Here is our ultimate guide on how to build a campfire.
A campfire is a wonderful addition to any campsite. There’s an indescribable charm and coziness when people gather around a fire at night. This is true whether alone or with friends.
Maybe you can picture yourself in this scene, but your only firemaking “experience” was watching survivalists on TV. Or watching your more camping-savvy buddies.
Don’t worry; fire building really isn’t that difficult. To prove it, we wrote this guide.
To do this, we spent 9+ hours researching the various tips and firebuilding methods. Plus, some of our team members have a touch of pyromania; we’ve definitely had our fair share of playing with fire!
The end result is a guide that takes you through all the steps to build your very own campfire.
- 1. Check the Weather for Fire Risk
- 2. Choose a Spot to Minimize Fire Danger
- 3. Gather Your Supplies
- 4. Pre-Soak Your Campfire Site
- 5. Place Your Tinder
- 6. Assemble Your Firewood
- 7. Light the Fire with Tinder
- 8. Build the Fire Using Kindling and Logs in the Desired Shape
- 9. Grow the Fire to Stability
- 10. Keep the Fire Steady at the Desired Strength
- 11. Extinguishing the Fire and Cleaning Up the Campsite
- Common Problems with Campfire and How to Fix Them
- Wrap Up
1. Check the Weather for Fire Risk
This should be obvious, but I have to say it: don’t attempt to start a fire when it’s wildly windy.
The wind blows glowing embers, ashes, and other debris towards brush and trees. This is clearly a recipe for a full-blown forest fire, especially during the dry season.
Speaking of dry seasons, check your local fire danger indicator before you start a campfire.
This indicator is a measure typically ranging from “minimal fire risk” to “severe fire risk.” It’s based on a variety of weather factors such as time of year and amounts of rainfall.
If you check the forecast and see rain in the future, don’t despair. Unless you’re in a downpour, you can likely still get a fire going.
2. Choose a Spot to Minimize Fire Danger
If you’re building your fire at a campsite, then the location should be easy. You simply use an existing fire pit. These are also perfect for starting a fire if the conditions are a little damp.
Why? Because moisture doesn’t just fall from the sky; it also seeps up from the ground. Using a firepit, especially if it’s portable with a metal bottom, mitigates the wet conditions.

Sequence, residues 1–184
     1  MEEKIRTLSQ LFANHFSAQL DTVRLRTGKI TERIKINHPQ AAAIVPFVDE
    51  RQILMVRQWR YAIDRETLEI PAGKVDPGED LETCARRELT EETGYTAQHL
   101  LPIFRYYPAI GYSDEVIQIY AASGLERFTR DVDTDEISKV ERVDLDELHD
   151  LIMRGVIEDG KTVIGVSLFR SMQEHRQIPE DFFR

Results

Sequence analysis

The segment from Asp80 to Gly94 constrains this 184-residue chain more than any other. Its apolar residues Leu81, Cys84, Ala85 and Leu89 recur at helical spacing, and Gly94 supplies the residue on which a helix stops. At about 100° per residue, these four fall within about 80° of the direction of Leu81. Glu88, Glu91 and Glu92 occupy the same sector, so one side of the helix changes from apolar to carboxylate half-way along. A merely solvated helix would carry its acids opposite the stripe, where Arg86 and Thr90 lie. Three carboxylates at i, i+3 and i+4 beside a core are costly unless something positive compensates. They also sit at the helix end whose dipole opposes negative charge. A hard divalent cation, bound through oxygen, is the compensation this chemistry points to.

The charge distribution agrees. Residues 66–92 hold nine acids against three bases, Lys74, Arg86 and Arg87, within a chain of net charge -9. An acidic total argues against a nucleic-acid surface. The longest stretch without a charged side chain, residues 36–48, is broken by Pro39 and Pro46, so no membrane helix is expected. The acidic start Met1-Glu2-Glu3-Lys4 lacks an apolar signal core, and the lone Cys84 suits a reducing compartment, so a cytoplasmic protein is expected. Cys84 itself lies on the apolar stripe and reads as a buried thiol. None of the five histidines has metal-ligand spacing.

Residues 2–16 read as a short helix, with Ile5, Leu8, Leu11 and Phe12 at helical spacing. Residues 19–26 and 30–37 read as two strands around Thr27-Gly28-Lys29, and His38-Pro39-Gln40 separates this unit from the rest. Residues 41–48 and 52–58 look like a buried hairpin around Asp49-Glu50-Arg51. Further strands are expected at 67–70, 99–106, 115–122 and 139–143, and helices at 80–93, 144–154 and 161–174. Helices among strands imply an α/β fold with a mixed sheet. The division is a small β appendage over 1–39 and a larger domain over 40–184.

Fire pits are also super convenient. You don’t have to think about the best location, or worry about your fire being too close to the surrounding brush.
Now, if you’re in the backcountry, you won’t have the luxury of a fire pit. Thus, the process is a little more involved.
Look for a level clearing that has little to no grass. Dirt or gravel is preferred. Next, make sure you’re in a wide-open area. That is, check that there are no overhanging branches anywhere near you.
Give yourself a nice, tall area to work with. I’ve seen fires grow to five feet in height. Then the wind carries the flames and embers even higher.
Note that the full-sized canopy is fine, and in fact desirable if you need coverage to start a fire in the rain. But this would be dozens of feet up in the air, clear of any and all nearby branches.
Look around and ensure that your tent and all your camping gear is at least 15 feet away. You don’t want a stray ember lighting up your premier tent.
Finally, grab some large stones and encircle them around your chosen spot. These stones act as a barrier. They prevent the flames from creeping along the ground and igniting whatever else is on the ground.
3. Gather Your Supplies
Before you get started, you’ll need the following items. Keep them nearby before you actually light anything on fire. This way, you don’t need to scramble off into the woods because you ran out of kindling!
This is what you’ll use to get the fire going. Tinder is basically a catch-all word for anything light enough to easily hold a spark.
This includes grass, dry leaves, twigs, and/or pine needles. Trying to start a fire with anything bigger at this point will just choke it out.
Finding this stuff is pretty easy. Just take a walk in the woods and look down. Whatever you take, try to find the driest pieces. The drier they are, the easier they will catch fire.